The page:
I did tool grinding for 9 years (that's a lot of carbide, lol), you can still get good results with digital calipers, just make sure you are measuring on the outer endmill land (actual cutting edge), & not the clearance, most endmills will have 2 clearance cuts on the OD, & a very small lip that is actually doing the cutting.

    All tooling is not equal, when we made endmills, we would rough grind the same diam. as the shank, then do a finish pass with another diamond wheel, which created a small step at the end (shank side of the flute), to bring the endmills OD into spec.

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    Thanks so much for your replies! It sounds like I need to get an optical comparitor for the best results.

    The indicator difference-between-shank-and-tip method sounds smart too, and that's something I can do right now so I'll give that a try today.

    Thanks guys!



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    Precision of cuts also depend of material you cut. More elastic material make inside dimensions smaler and outside biger. Should be able to find Modul of elasticity of material from specications of any particular material.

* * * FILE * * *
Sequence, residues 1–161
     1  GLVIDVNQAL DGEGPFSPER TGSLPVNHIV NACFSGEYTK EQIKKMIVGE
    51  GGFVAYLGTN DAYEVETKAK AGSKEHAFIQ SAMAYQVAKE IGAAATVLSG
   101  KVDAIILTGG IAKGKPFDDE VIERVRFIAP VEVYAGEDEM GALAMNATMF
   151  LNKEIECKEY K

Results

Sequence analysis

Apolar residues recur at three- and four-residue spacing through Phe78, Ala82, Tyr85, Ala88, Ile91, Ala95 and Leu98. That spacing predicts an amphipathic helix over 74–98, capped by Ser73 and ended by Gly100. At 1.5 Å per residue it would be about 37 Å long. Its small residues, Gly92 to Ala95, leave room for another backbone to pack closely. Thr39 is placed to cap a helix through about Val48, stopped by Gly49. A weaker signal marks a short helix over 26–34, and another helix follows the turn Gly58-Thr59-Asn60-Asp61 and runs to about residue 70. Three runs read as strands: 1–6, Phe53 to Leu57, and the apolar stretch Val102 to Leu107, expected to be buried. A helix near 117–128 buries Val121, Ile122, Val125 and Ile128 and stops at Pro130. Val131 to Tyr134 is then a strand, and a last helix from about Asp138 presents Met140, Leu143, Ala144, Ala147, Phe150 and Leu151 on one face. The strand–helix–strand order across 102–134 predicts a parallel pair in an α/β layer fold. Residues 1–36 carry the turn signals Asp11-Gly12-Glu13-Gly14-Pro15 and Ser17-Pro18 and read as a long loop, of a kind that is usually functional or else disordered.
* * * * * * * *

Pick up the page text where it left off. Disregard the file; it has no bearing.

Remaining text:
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    I think trial cuts are probably the most accurate method, because that takes into consideration the real diameter, the runout and the cutter deflection.

    Take your finest tool, cut a hole or a boss with it. Measure it. Rerun the program on the same part. IF the tool takes some more off, then it really was not of much benefit to know the actual tool diameter because cutter deflection (combined with high feedrates) was skewing the results anyway. So in actual running, you need to consider the dynamic results of the cut under actual cutting conditions.

    In production, you need to know the dynamic result of cutting and adjust the tool accordingly. This means you will most likely spoil the part if you take a spring pass (zero deflection) by rerunning the tool on the same path twice. This is due to the fact that you need to program a small amount of overcut to hit size during actual running conditions. Obviously, it would waste too much time to be taking zero deflection cuts all the time, so this is why an intelligent overcut is required.

    When you switch tools, again, knowing the exact diameter of the new versus the old tool is not likely the only factor to consider in resetting the offset. The deflection of the new tool will be different than where the offset adjustments had set the old tool during its useful life.

    First you get good, then you get fast. Then grouchiness sets in.

    (Note: The opinions expressed in this post are my own and are not necessarily those of CNCzone and its management)


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How to accurately measure endmill diameter?

How to accurately measure endmill diameter?

How to accurately measure endmill diameter?